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In Buenos Aires, no one has any doubts (or evidence) that 9 de Julio is the widest avenue in the world. After midday on March 8, the street was closed to traffic but full of women, lesbians, trans, and non-binary people arriving to mingle with their friends and allies. Although the march does not begin until 4 pm, people begin arriving hours earlier to ensure that the demonstration is as orderly as possible.
The heat wave’s blazing sun seems to slice through the cement. Taking advantage of shade from nearby trees and the stands of activist collectives, many sit on the ground to decorate posters and construct roadside stations for water and first aid. The most important are the “power” posts—where people bedeck themselves with sparkles, glitter, face paints, and other body decor—because if the fourth feminist wave has created anything besides new demands, it is a lot of glitter.
In recent years, there has been a widespread effort to make the history behind Women’s Day universally known. It all traces back to revolts by U.S. suffragettes at the beginning of the 19th century and the assemblies and strikes by European socialist women demanding a reduced 10-hour workday, equal pay, better conditions, the end of child labor, the right to vote, and vocational training. At different points around the world, the need for a day focused on women’s demands was growing.
In 1911, shortly after the International Conference of Working Women in Copenhagen decreed the first International Day of Working Women, the Triangle Shirtwaist factory in New York City burned. Locked inside by their managers, 146 workers died, the majority women. These events sparked the creation of a key date in the feminist calendar that, after many twists and turns, was crystallized into International Women’s Day on March 8.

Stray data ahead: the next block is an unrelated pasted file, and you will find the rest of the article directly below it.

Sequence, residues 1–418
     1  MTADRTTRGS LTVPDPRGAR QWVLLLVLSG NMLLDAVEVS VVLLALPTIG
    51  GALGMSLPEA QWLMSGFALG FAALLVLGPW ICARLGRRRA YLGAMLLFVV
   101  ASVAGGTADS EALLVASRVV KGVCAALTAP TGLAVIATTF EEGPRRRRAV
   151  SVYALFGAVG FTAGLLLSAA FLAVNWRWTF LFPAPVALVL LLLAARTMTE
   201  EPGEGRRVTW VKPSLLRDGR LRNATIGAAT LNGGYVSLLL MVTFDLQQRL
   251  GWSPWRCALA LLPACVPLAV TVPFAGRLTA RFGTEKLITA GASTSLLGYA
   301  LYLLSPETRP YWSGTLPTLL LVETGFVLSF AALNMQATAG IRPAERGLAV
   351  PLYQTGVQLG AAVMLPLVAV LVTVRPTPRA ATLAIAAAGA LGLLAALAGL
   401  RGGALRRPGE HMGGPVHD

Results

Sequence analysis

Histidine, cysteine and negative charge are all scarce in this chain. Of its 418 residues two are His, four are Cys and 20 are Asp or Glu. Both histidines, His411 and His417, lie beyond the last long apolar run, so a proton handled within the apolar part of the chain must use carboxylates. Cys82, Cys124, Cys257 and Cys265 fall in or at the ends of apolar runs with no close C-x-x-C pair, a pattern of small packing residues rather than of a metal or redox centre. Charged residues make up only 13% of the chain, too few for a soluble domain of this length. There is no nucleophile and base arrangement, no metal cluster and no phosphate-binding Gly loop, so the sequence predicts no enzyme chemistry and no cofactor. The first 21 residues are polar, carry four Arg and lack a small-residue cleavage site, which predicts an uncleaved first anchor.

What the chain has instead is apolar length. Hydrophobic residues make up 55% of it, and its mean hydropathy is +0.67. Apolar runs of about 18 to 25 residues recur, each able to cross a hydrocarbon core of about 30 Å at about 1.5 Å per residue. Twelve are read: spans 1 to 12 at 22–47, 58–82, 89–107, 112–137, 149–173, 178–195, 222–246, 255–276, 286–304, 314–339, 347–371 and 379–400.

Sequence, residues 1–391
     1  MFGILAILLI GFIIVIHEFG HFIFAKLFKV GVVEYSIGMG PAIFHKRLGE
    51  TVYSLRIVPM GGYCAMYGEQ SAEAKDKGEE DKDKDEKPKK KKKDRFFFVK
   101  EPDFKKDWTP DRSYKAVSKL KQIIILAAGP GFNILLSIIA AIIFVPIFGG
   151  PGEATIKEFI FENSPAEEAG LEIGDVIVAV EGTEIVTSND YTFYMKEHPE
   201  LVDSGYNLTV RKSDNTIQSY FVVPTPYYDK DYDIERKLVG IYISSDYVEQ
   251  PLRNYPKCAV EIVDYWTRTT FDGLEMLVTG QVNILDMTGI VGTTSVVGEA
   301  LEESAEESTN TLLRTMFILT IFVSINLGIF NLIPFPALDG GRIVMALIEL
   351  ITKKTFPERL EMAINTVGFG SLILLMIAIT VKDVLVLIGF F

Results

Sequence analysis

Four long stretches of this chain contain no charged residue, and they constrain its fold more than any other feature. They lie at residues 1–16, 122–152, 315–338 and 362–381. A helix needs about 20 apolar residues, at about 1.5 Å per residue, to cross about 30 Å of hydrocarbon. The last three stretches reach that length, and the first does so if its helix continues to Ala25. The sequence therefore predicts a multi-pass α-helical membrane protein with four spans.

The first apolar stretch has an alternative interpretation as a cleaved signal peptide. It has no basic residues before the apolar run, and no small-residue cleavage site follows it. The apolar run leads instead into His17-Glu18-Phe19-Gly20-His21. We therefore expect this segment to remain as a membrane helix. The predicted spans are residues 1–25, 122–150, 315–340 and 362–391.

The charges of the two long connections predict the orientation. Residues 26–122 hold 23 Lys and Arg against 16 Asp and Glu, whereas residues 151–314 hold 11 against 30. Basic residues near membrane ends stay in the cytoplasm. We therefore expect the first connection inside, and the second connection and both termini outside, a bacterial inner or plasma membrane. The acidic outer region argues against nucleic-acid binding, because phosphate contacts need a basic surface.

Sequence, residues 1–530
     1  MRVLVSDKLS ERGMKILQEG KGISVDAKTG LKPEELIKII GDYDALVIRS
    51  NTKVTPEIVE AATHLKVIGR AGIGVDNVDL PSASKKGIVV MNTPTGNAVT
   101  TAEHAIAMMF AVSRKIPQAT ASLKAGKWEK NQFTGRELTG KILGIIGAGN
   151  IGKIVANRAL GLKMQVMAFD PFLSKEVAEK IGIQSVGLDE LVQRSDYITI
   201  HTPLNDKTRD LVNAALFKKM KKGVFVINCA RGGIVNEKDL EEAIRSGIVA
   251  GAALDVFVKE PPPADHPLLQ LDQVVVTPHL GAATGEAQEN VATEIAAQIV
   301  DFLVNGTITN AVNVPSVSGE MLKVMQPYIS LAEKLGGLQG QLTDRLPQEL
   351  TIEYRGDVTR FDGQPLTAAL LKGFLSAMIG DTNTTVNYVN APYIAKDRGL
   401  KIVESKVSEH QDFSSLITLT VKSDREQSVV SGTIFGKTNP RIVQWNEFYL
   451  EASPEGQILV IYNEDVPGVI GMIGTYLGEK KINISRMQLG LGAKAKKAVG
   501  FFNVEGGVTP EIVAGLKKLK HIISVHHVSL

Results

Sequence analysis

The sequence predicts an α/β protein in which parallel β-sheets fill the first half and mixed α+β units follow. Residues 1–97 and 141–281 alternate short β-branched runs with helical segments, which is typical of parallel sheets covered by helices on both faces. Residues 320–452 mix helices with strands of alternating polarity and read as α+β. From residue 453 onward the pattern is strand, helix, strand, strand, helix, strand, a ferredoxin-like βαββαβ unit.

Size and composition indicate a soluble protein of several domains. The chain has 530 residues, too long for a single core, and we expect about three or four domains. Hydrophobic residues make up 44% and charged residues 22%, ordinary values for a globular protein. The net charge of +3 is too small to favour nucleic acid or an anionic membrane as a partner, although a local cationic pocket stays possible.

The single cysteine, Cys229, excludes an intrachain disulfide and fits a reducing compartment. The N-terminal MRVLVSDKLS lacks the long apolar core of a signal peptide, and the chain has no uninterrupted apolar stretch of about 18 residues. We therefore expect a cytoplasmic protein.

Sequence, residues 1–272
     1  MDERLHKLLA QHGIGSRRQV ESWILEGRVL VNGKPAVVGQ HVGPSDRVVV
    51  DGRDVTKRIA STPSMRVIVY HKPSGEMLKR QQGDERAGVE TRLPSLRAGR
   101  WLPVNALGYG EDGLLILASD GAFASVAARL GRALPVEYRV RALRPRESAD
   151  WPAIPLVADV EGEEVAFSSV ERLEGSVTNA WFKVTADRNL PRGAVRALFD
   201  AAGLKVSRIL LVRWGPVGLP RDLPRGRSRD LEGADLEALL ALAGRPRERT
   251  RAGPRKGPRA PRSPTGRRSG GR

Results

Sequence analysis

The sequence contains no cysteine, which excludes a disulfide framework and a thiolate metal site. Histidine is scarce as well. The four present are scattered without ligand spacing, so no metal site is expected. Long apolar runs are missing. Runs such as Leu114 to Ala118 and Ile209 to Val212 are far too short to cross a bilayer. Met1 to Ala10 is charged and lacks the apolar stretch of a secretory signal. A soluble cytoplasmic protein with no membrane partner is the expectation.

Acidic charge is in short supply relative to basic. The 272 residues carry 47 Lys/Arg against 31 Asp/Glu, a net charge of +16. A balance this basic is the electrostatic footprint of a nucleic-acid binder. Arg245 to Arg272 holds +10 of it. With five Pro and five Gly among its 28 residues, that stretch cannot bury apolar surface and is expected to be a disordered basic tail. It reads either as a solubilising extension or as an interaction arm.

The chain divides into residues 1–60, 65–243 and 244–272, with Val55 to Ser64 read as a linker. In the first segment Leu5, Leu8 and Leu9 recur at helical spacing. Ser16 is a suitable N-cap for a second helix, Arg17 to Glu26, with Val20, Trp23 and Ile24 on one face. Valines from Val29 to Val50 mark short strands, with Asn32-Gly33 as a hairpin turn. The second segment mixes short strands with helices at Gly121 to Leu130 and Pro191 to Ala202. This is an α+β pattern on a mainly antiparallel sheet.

As the century continued, feminist movements won rights that benefitted all of society, like the universal rights to vote and divorce. In Argentina, the movement was so powerful that it not only achieved the creation of laws guaranteeing individual freedoms—including marriage equality in 2010 and legal abortion in 2020—but also organized groundbreaking and strategic events, like the Plurinational Encounter for Women, Lesbians, Trans, and Non-Binary People that takes place every year in October.
Meanwhile, Women’s Day was increasingly trivialized, becoming another opportunity to promote consumerism and normalize offensive statements relating women’s value to beauty, maternity, and duty to carry out unpaid care work.
In Latin America, the dream of U.S. suffragettes and European socialist women took hold, but with the added awareness that our experience of oppression is intersected by being brown, dissident, and poor. Latin American feminism grew alongside the anti-imperialist movements in the region. In Argentina, the call to legalize abortion and grant sexual and reproductive rights united many different groups under the National Campaign for the Right to Abortion in 2005.
In 2017, lesbian, trans, non-binary, and women workers organized a massive strike against the neoliberal government led by Mauricio Macri, who had upheld restructuring and repressive policies since taking office. Until then, not even the largest unions had managed to organize at this scale to curb the ruling rightwing coalition Cambiemos. Growing feminist movements from around the region and across the globe joined the initiative. Now, strikes are held around the world to amplify the voices of those too often silenced and ignored and to make their absence felt in the systems that they invisibly sustain.